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Social experiment gone awry

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Social experiment gone awry

Tuesday, 21 January 2020 | Prasenjit Biswas

Social experiment gone awry

Because of CAA, even the NRC exercise gets debunked. This gives a further jolt to ethnonationalist identities, who take CAA to be a bigger threat than illegal immigration

Do those among the linguistic and religious minorities of Assam, who have failed the test of citizenship in the recently-concluded updation of the National Register of Citizens (NRC), become the soft target of the heightened cry for protection of indigenous identity in Assam and North-east India? With the passage of the Citizenship Amendment Act (CAA), one section of those left out of the NRC now gets an opportunity to be citizens, solely on the basis of religion, while another section remains ignored. Does such a contrived outcome make anyone happy in Assam?

Assam’s Bengali-origin religious minorities, popularly called Miyas or Bhatiyas in Brahmaputra Valley and Bangals in Barak Valley face the biggest threat of proving their credentials after being left out of the NRC. Those excluded will now have to prepare for a complicated legal battle to prove their citizenship through the Foreigners’ Tribunals. These tribunals are supposed to decide the fate of an estimated five lakh presumed illegals and how many would succeed in such a trial is anyone’s guess. The tribunals, governed by the Foreigners’ Act, 1946, place the “onus of proof” on the suspect and not on the prosecution, making it difficult for a “suspect” to get natural justice. As citizenship is considered the most basic right to have or not to have all other rights, the shifting of the “onus of proof” makes it extremely difficult for anyone to prove credentials. Worse is the case when the tribunals at random ex-parte declare too many people foreigners. Many of those people have been put in inhumane detention camps in six places, numbering around a thousand, of which 23 have already died in custody.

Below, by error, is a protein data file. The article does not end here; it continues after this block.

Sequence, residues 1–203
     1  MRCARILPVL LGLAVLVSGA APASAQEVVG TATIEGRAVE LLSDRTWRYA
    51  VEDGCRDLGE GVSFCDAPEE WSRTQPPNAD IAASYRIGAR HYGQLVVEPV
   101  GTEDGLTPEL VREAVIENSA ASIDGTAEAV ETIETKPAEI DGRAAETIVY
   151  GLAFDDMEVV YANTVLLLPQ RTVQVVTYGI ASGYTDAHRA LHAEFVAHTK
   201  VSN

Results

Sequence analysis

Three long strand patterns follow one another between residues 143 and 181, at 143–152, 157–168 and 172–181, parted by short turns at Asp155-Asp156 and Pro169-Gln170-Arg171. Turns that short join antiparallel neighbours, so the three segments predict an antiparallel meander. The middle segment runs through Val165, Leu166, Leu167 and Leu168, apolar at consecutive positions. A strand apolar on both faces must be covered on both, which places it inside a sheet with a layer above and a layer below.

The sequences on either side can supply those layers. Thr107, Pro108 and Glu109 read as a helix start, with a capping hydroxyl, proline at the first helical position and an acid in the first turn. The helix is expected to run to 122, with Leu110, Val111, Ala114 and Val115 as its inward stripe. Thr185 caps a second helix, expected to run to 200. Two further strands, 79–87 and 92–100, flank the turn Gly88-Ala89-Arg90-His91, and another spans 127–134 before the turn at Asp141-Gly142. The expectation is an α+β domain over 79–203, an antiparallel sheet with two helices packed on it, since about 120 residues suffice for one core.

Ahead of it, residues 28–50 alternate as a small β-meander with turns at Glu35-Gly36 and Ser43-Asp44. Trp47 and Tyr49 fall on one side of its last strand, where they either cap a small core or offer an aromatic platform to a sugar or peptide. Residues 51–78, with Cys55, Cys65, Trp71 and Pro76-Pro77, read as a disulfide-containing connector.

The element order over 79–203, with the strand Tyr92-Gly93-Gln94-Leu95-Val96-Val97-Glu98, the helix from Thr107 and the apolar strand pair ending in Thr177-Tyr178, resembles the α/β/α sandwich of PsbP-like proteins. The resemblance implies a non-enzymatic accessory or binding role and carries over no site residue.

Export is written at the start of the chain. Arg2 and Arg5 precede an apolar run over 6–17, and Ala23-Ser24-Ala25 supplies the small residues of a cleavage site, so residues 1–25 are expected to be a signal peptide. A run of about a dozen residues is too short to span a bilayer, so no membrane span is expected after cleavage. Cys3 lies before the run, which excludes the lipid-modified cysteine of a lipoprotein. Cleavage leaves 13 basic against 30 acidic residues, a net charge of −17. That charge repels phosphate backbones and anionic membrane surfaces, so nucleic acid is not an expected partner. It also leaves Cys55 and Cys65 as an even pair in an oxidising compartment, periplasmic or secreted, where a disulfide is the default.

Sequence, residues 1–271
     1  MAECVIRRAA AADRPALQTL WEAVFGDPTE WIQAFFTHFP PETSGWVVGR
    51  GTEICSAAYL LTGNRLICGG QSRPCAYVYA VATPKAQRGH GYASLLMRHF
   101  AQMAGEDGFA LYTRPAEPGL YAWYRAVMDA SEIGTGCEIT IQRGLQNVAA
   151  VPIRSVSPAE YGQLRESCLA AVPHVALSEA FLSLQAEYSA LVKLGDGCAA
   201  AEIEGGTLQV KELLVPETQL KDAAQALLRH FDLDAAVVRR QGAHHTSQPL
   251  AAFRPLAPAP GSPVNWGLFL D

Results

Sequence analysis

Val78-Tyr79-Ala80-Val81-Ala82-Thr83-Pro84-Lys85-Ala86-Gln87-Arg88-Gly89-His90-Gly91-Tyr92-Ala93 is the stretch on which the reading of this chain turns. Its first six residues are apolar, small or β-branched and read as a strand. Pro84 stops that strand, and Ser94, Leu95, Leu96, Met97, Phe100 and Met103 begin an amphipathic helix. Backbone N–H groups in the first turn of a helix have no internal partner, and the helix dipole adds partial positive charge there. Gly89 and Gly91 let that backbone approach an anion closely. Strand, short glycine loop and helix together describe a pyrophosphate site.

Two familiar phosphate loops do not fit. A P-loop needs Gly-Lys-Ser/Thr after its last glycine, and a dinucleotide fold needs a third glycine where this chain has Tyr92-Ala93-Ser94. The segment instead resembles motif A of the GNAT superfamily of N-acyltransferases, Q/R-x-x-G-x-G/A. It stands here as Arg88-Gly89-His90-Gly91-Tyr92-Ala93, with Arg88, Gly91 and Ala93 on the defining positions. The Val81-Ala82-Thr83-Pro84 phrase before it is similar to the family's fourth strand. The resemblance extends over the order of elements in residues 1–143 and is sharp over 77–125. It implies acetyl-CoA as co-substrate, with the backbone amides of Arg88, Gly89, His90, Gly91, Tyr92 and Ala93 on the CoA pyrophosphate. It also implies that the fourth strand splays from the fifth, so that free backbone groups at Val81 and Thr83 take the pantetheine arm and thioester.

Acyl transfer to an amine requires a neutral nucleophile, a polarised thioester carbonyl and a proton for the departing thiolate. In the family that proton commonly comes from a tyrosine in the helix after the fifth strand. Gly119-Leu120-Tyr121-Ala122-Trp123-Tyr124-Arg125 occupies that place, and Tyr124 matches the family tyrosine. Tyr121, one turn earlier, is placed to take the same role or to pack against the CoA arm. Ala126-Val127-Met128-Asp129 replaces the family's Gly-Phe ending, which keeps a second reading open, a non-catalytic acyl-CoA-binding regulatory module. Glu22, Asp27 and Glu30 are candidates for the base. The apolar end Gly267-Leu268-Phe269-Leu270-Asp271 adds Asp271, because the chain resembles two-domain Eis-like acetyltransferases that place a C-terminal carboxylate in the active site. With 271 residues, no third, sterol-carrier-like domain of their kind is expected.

The protest against the CAA remains silent on this humanitarian crisis and the ignominy of effacing these unfortunate excluded people from public discourse. With the coming of CAA, a section of these excluded people now wait for some redemption, while another section silently prepares for a long and uncertain legal battle that lies ahead. Both the sections, however, face another cultural test of proving their antecedents, which could be satisfied only by accepting the dominant language of the State.